Oracle architectural design tips

This article shares some tricks to ensure Oracle architecture designs perform at optimal levels while making a design that is easy to maintain and extend.
Written by Donald Burleson, Contributor
As an Oracle performance-tuning expert, I frequently visit Oracle shops to improve system performance. Although Oracle offers many performance-tuning techniques, you can’t tune away a poor database design—especially a poor architectural design. So it is imperative that the Oracle database designer understand (from the initial inception of the project) how to create robust Oracle data architectures that can retrieve information as rapidly as possible while preserving maintainability and extensibility.

If you strip away all the complex methodology and jargon surrounding the Oracle database, one simple factor remains: disk I/O. Disk I/O is the single most expensive Oracle database operation. Oracle design professionals should always remember to design with data architectures to retrieve the desired information with a minimal amount of disk access.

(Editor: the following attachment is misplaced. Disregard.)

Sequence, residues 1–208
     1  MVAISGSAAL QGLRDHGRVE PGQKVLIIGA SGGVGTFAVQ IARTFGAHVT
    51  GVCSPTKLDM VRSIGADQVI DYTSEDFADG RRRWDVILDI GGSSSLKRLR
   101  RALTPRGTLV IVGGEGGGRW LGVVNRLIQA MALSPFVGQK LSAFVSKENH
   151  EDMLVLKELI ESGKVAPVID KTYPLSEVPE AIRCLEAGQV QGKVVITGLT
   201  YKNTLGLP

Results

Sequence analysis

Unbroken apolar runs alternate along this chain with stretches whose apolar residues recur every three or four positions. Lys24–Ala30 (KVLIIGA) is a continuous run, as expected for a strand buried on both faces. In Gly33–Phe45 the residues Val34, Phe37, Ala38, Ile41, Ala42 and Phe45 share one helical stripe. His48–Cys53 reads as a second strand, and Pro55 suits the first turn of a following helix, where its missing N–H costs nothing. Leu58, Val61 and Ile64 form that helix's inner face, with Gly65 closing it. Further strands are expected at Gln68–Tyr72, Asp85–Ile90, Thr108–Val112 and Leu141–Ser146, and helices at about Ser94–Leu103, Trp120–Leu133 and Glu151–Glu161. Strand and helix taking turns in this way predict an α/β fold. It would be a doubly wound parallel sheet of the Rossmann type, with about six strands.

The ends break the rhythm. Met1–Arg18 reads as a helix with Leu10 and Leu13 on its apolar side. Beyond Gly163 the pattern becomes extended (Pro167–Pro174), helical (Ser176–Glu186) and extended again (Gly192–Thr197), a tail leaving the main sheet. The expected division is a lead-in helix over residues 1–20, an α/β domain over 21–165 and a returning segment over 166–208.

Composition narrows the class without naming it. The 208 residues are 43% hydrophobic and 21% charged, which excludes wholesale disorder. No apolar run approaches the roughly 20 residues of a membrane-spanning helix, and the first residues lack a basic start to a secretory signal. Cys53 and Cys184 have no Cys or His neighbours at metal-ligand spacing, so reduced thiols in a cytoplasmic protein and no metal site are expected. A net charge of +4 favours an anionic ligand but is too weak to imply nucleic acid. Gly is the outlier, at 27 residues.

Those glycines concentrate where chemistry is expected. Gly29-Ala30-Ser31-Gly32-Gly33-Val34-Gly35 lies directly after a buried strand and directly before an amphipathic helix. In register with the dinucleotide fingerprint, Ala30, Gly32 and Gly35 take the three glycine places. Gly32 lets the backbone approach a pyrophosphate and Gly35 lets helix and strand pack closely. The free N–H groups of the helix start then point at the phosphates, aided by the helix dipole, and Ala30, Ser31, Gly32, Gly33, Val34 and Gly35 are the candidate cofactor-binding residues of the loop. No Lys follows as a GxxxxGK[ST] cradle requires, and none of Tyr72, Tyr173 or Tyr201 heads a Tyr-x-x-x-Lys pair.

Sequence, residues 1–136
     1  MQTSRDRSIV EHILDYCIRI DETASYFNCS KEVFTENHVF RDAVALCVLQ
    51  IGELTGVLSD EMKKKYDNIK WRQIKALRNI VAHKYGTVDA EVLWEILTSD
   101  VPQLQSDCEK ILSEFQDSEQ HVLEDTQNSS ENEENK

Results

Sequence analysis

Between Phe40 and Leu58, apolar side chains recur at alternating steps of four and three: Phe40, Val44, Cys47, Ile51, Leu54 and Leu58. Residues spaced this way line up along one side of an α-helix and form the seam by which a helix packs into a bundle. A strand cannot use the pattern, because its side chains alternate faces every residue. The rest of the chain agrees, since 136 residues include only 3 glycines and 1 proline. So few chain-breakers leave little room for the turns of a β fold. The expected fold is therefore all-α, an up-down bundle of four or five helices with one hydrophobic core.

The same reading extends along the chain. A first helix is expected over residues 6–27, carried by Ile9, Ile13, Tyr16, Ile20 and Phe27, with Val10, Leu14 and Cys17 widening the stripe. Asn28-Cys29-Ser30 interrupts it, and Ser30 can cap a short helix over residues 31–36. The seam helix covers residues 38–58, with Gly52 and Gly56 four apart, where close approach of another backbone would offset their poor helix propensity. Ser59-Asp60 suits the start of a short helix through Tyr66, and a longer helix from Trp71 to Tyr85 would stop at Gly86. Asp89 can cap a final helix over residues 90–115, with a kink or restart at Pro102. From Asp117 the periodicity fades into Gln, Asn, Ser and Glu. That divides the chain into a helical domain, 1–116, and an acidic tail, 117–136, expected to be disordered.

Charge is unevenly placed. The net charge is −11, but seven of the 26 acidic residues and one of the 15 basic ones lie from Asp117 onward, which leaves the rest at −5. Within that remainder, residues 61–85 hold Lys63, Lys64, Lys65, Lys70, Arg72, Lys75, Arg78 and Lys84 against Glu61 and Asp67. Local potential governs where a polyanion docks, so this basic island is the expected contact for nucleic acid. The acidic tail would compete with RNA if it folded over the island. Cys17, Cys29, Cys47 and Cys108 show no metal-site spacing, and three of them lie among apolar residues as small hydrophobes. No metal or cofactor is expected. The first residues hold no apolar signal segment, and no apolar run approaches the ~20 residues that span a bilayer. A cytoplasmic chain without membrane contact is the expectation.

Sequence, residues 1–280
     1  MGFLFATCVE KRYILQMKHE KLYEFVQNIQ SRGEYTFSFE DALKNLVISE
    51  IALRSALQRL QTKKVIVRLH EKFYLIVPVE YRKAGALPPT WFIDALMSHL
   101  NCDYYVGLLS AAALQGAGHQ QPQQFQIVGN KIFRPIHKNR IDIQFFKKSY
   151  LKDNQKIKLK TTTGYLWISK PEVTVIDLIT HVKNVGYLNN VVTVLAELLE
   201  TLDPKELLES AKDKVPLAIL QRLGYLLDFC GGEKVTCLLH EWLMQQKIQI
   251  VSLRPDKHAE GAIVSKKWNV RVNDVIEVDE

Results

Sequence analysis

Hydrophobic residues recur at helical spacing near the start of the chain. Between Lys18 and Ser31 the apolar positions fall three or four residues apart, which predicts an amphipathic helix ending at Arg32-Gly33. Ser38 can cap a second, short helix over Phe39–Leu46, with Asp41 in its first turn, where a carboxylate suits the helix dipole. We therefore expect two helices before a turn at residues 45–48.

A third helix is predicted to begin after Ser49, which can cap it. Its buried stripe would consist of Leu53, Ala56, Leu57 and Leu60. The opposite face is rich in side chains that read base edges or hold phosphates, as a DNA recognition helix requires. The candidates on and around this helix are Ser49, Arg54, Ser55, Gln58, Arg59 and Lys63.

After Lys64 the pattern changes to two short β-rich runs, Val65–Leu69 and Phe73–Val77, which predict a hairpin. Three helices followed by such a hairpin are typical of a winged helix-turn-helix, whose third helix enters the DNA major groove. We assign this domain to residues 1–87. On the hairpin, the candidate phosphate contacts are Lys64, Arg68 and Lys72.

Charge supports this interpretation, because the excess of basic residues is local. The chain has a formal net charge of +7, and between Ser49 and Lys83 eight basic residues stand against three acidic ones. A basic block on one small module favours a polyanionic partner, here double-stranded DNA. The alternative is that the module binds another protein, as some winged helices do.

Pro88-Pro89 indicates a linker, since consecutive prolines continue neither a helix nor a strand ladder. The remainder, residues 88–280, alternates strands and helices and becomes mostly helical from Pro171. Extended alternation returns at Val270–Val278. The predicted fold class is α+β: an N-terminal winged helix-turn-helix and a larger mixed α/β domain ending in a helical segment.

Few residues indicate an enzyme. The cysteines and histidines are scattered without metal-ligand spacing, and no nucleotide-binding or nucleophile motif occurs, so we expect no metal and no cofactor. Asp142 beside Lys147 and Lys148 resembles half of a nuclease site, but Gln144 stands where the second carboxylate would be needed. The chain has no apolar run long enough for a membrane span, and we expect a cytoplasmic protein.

This article shares some of the tricks I use to ensure Oracle architecture designs perform at optimal levels while making a design that is easy to maintain and extend.

Architectural design tips
Oracle provides numerous tools that let you minimize disk I/O for SQL queries. Here are a few architectural design issues that will greatly improve the performance of your Oracle system.

Use multiple block sizes
You can deliberately map different tables and index structures to tablespaces of different sizes. This allocation is based on the average row length of the data within the table, as well as access patterns within the whole database. Oracle9i lets you choose between 2K, 4K, 16K, and even 32K tablespaces. The trick involves allocating the tables and indexes to retrieve all related row information in a single disk I/O operation.

Precompute complex SQL queries
Oracle offers materialized views and VARRAY tables, which can prebuild complex queries and aggregations into single-row tables that can be retrieved instantly. This illusion of instantaneous aggregation is the hallmark of a superior Oracle design.

Use RAM data caching